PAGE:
The unending stream of bad news about data breaches shows no sign of abating, noted DBTA columnist and Unisphere Research analyst Joe McKendrick, in a recent article, pointing to a raft of breaches far and wide involving organizations such as health insurance companies, businesses, government agencies, and the military.
The average consolidated cost of a data breach grew to $4 million in 2016, while the average cost for each lost or stolen record containing sensitive and confidential information reached $158, according to IBM’s 2016 annual cost of a data breach study.
What’s necessary, says McKendrick, is a holistic approach that spans automation, encryption, and identity management. And, he adds, having a predefined business continuity management process in place that can be deployed in the event of a breach is critical.
Indeed, digital transformation is causing IT and security leaders to reevaluate security strategies as well as budget considerations, according to industry research.
In addition,issues relating to data sovereignty are weighing heavily on organizations, particularly in light of new regulations such as the EU’s GDPR which is due to take effect in 2018. Compliance remains the primary reason for spending on data security (44%) followed by concerns about implementing security best practices, (38%). Encryption is the top choice to satisfy data privacy regulation, while tokenization comes in as second, according to the 2017 Thales Data Threat Report, Global Edition.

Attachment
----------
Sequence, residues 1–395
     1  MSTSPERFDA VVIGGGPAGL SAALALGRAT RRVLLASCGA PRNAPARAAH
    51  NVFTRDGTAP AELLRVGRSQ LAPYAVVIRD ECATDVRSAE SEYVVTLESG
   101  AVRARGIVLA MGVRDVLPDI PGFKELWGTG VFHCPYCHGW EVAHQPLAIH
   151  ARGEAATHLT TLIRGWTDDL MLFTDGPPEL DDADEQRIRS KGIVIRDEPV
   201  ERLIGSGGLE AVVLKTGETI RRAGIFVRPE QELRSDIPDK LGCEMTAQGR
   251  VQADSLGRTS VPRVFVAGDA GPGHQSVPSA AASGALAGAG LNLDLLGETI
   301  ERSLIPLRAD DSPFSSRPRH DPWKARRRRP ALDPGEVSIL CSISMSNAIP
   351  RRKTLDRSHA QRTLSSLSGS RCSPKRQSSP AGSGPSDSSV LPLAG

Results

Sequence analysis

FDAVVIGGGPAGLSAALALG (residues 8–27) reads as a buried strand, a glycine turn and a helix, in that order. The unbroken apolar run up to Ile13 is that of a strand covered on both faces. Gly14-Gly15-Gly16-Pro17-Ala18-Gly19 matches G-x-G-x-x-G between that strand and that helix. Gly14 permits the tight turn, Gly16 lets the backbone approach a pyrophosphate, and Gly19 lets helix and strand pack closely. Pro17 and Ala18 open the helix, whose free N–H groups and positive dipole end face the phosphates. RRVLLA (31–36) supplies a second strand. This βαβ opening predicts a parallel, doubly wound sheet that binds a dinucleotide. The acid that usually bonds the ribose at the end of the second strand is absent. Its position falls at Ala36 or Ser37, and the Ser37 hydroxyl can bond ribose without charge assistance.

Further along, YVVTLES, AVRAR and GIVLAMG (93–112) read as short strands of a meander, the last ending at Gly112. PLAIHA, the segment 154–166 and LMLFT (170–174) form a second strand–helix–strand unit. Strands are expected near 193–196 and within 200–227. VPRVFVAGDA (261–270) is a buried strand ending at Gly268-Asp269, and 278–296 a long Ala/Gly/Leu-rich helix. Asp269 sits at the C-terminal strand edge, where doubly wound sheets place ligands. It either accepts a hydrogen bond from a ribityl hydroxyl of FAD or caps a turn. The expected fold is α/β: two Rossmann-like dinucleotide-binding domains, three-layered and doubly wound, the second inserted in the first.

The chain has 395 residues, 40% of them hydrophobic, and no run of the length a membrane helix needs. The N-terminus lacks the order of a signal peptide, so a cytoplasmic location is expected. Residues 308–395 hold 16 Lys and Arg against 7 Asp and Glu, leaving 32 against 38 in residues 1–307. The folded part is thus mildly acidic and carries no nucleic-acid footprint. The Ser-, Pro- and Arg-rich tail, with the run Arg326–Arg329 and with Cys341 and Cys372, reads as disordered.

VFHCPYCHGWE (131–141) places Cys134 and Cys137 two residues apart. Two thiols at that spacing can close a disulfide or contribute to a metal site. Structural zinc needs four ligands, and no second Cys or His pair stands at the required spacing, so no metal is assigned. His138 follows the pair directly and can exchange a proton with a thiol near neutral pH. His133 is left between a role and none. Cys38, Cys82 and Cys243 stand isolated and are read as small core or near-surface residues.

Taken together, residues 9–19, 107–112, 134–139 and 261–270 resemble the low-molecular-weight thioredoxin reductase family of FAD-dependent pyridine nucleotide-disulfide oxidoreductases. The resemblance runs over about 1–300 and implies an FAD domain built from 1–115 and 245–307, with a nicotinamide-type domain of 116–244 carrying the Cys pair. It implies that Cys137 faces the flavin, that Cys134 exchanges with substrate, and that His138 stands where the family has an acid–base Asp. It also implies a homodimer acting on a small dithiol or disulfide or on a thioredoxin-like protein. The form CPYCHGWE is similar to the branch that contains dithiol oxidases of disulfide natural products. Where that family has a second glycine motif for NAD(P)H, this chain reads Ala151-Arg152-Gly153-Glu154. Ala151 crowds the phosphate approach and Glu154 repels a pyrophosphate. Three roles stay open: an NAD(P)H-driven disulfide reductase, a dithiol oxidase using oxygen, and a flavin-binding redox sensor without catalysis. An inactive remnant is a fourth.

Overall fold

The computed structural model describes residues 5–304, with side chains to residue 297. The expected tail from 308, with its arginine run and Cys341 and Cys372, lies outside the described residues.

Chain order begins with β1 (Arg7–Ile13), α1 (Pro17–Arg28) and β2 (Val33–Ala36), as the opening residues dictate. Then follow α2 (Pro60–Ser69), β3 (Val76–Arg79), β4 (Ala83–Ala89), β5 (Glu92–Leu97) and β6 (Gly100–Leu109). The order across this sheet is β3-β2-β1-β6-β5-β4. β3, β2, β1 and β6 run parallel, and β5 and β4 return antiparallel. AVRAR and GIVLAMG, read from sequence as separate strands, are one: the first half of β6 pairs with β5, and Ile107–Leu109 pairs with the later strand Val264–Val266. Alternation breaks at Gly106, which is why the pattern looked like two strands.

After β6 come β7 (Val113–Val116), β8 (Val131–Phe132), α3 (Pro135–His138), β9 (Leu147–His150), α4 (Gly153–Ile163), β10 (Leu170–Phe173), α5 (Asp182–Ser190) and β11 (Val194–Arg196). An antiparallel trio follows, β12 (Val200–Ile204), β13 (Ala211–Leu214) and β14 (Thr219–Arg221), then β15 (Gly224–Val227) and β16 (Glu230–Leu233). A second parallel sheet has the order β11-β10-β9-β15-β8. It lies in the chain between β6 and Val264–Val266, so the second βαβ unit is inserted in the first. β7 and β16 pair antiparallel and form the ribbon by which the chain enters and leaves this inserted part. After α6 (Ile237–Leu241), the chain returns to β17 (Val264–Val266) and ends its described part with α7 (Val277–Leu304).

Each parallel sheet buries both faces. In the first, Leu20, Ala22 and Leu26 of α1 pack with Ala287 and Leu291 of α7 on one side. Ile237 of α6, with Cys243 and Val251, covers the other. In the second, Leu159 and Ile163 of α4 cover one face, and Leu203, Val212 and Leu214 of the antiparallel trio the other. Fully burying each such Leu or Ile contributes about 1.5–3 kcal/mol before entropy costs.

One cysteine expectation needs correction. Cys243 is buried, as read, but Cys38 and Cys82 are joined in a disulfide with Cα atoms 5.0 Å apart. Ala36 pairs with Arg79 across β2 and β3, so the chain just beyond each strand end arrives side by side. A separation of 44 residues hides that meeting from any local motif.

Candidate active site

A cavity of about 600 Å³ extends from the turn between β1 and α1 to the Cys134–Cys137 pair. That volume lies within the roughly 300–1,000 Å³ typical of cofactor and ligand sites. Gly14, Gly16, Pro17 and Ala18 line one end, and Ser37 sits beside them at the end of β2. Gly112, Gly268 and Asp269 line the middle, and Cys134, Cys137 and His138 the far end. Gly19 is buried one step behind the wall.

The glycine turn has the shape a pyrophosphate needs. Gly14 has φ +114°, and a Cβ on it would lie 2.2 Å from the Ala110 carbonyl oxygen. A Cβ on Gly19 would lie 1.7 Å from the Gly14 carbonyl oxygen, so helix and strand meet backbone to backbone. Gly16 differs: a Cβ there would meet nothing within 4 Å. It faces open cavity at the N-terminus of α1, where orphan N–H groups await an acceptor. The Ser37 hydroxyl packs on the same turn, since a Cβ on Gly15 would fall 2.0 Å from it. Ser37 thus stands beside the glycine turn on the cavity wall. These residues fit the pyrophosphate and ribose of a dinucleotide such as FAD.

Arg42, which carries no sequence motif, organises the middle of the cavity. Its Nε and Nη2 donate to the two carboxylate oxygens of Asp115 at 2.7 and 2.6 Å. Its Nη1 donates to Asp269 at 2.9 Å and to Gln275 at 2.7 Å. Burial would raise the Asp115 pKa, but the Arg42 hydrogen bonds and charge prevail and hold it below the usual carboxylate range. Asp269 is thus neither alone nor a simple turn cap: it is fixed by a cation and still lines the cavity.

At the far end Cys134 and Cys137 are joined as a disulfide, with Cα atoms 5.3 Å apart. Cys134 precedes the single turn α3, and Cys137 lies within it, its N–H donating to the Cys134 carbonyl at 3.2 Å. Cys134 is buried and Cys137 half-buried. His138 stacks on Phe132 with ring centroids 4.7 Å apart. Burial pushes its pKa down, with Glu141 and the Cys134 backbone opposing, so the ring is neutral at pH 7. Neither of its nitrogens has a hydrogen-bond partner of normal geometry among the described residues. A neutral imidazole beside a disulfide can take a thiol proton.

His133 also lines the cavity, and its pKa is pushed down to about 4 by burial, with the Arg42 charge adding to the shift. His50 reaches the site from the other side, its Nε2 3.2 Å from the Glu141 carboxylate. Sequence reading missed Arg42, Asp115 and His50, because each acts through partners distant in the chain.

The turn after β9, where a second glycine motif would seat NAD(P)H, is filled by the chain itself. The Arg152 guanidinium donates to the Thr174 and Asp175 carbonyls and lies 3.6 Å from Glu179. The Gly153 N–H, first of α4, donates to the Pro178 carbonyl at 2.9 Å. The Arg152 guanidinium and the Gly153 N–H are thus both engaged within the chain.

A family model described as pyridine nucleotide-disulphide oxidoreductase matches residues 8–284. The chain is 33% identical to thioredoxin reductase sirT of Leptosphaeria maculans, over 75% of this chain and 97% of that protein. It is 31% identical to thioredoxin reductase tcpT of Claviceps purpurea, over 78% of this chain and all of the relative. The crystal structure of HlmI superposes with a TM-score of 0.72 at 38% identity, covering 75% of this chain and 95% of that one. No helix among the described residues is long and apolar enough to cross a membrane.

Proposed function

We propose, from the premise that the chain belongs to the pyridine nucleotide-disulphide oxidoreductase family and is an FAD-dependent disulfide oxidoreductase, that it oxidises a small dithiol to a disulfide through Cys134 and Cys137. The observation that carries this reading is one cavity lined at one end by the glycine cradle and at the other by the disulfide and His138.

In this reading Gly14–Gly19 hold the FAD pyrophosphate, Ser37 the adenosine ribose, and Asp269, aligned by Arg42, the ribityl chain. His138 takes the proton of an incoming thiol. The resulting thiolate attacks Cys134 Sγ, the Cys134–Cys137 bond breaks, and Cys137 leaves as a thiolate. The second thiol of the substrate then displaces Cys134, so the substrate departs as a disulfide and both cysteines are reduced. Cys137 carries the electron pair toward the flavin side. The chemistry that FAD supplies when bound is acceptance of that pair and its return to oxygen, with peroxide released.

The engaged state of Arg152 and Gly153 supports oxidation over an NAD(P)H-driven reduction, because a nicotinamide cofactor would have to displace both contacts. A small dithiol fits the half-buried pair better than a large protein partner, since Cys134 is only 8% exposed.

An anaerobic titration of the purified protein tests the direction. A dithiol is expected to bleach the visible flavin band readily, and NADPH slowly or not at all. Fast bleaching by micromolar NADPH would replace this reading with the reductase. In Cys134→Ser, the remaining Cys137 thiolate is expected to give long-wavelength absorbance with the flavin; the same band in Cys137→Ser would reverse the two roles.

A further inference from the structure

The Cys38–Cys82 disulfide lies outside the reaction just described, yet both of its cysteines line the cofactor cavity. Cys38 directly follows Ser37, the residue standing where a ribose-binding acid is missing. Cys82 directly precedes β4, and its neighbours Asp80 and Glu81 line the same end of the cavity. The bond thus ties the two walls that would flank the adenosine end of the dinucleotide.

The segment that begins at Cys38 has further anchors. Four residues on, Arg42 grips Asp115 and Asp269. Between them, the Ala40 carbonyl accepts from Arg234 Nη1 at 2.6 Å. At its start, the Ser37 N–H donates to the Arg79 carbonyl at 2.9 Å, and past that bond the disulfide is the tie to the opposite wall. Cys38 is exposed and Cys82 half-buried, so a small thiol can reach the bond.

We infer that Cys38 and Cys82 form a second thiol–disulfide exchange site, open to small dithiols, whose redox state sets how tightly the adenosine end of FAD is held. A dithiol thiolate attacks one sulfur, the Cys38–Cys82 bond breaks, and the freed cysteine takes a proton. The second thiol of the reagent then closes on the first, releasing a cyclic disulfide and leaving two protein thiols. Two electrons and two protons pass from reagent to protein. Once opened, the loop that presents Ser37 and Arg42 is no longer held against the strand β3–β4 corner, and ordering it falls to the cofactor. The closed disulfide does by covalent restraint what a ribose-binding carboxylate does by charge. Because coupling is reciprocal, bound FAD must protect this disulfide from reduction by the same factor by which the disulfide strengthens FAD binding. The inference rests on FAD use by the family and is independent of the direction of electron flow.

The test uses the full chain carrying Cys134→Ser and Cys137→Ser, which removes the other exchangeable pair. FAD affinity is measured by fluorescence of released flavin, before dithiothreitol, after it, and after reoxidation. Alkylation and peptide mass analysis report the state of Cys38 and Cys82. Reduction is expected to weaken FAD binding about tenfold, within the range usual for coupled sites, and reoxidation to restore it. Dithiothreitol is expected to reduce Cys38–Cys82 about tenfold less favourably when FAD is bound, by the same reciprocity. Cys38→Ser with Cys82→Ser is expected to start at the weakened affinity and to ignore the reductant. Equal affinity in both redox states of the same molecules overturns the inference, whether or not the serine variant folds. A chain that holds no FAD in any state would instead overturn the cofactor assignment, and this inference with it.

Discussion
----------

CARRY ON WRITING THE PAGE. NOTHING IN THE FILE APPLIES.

With this greater appreciation for the fact that shielding sensitive data from criminals, hackers, and other prying eyes is a critical aspect of providing security for modern systems and applications, DBTA columnist Craig S. Mullins, points out that database management systems have gained more security features over the past few years and will continue to do so.
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